On the following pages, you will find a variation of the Games Workshop’s Epic Armageddon rule set. This covers amended rules for use in your games. You will find information detailing the design concepts behind some of the rules in that section. These explain the ‘why’ behind the changes and have been included to assist readers in understanding the reason(s) behind the change.
What You Will Need to Play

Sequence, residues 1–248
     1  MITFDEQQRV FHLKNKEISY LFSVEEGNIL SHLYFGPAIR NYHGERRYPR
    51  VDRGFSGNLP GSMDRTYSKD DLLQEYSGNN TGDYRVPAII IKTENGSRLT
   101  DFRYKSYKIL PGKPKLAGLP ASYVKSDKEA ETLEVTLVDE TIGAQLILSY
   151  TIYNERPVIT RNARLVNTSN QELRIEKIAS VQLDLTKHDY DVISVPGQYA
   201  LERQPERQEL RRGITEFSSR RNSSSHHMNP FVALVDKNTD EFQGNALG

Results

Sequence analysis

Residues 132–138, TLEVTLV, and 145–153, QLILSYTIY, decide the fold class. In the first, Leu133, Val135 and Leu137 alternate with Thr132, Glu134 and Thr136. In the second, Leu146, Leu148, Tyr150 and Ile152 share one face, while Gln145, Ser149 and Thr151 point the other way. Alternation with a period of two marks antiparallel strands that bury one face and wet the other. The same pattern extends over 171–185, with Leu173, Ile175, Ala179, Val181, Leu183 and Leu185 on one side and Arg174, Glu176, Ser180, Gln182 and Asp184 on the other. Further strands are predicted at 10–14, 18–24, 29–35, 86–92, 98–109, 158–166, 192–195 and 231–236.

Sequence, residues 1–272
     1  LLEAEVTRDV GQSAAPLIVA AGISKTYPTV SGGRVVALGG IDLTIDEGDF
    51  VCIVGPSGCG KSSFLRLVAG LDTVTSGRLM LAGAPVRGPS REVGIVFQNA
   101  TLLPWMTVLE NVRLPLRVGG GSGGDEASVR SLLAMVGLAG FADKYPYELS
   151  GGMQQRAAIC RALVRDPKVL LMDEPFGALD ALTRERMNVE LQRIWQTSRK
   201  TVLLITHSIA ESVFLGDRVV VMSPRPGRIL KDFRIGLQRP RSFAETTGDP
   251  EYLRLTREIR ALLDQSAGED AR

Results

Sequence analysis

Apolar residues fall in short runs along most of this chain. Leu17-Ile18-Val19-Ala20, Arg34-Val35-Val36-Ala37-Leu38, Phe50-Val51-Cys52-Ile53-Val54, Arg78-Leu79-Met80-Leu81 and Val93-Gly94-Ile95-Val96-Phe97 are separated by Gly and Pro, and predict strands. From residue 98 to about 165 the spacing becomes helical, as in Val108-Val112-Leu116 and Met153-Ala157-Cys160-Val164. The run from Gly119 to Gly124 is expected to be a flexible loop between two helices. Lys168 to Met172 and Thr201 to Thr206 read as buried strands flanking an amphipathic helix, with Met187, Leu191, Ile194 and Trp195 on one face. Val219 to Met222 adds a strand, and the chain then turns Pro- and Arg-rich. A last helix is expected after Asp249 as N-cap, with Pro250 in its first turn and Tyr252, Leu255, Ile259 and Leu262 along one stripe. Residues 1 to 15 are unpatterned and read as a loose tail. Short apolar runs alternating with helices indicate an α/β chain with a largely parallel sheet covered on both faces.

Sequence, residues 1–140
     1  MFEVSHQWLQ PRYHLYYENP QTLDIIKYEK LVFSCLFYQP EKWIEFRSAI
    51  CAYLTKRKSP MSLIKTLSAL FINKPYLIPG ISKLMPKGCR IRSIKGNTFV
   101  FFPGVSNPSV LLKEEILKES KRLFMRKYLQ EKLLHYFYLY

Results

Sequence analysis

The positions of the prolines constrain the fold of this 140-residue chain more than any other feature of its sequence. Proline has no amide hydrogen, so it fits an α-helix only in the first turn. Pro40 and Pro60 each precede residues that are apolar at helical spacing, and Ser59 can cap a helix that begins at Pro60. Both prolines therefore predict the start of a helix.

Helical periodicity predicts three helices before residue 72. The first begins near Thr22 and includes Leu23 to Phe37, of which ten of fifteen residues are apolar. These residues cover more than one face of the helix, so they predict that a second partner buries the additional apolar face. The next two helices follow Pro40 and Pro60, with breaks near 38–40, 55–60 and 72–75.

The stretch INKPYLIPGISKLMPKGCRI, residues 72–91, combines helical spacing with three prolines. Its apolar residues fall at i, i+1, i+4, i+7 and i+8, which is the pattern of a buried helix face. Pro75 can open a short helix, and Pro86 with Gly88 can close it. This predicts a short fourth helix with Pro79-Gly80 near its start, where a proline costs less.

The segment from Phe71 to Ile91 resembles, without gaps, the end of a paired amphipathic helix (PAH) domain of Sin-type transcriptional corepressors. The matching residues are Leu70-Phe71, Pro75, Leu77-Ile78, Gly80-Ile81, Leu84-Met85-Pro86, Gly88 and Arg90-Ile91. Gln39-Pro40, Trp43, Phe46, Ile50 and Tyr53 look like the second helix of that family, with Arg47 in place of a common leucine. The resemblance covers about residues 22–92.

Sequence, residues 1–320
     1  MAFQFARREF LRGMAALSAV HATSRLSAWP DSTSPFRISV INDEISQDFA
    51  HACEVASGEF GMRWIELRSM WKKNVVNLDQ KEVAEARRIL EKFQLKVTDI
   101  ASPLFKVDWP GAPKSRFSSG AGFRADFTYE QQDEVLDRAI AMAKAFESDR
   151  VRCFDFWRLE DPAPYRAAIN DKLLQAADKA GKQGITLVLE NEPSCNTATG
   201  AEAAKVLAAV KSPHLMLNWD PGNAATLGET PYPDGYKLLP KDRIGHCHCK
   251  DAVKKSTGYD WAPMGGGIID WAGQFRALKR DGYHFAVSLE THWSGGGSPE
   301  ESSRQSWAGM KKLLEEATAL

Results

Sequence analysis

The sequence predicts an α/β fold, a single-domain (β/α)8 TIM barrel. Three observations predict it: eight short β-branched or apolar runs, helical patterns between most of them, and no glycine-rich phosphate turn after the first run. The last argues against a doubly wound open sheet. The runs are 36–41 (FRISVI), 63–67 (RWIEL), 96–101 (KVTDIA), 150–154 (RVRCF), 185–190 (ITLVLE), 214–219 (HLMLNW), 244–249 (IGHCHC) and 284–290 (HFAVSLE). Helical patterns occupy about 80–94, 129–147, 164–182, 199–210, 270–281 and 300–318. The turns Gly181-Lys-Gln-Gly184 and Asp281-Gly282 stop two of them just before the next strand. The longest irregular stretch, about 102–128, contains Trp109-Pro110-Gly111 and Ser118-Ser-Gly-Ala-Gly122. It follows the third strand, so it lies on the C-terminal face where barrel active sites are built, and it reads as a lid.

To start, you will need approximately 1/275 scale miniatures. These miniatures are available from several sources. While the rules are an adaptation of Games Workshop’s Warhammer 30,000 and 40,000 universe, players should not feel compelled to use GW miniatures exclusively. Any miniatures at the right scale will work, to support this, the ruleset includes guidelines around basing and modeling your miniatures. These guidelines assist players in displaying the different unit types found in this ruleset. You will also need a small amount of terrain to represent your battlefield, whether that be a ruined hive city or the rolling plains of some far off Xenos planet. In addition to models, a suitable battlefield, and an opponent you’ll need a few more essential items to play.